Listen, you’re not selfish and you’re not petty for feeling this way. It isn’t that you can’t or don’t want to be happy for other people. It’s that you’ve suffered a loss. And whether that was a loss of a child, a pregnancy, or the dream of parenthood, a loss is a loss.

The family focus surrounding the holidays pushes that grief button in a really painful way. When you see a sweet family headed off to meet Santa, it’s hard not to imagine what your family would have looked like if things had gone your way, and that is a super crummy emotion to process through. 

Spending more time with family members who may or may not be supportive and considerate of your current season of life can also be a big trigger. The holidays can be stressful for anyone (traveling, gift-giving expenses, shorter days, crappy weather, etc.) Add in Aunt Marta rubbing your belly and asking when you‘re going to make her a GREAT aunt is just the icing on the cake in a season that already feels quite draining (to put it mildly.)  

Even if your friends or family aren’t quite as inappropriately straightforward as dear Aunt Marta, there are still plenty of opportunities to be triggered by innocent and even well-meaning questions. Being around people who don’t quite understand your journey is challenging, particularly during such a sensitive season.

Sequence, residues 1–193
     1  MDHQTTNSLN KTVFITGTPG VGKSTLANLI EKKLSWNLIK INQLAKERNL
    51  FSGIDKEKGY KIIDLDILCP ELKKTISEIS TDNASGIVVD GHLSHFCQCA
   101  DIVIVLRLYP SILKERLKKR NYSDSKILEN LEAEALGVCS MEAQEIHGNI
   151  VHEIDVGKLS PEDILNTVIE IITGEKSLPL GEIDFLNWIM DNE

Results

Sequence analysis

Finally, the end of the calendar year can feel demoralizing. It seems like just yesterday we were kicking off January and confidently saying “This is MY year.” And now, there are just a few weeks left before we realize we were wrong, yet again. It wasn’t our year. You may feel extra pressure to get one last cycle in, for one last chance to get your 2019 miracle. (I’m not saying you should feel that pressure, just that if you are feeling that pressure, you aren’t the only one.)

I say all of this not to rub the challenges of the holiday season in your face or to tell you that you should dread the final weeks of the year. You may love the holidays, and that’s just great! But if the holiday season has you feeling ambivalent at best, I just want you to know you’re not alone. The feelings you’re feeling are real, they are valid, and you’re certainly not alone in them. 

plaza and trees decorated with christmas lights

2. Make a plan for radical self-care.

Since we know how legitimately challenging the holidays can be, it’s time to make a plan for radical self-care.

This season may be tough, but so are you. With some proper planning, you can set yourself up to have a better holiday season than if you didn’t prepare at all.

We already know you are going to be faced with triggers. We know you may feel extra emotional (or hormotional, or both). We know working through all of those feelings can be incredibly draining.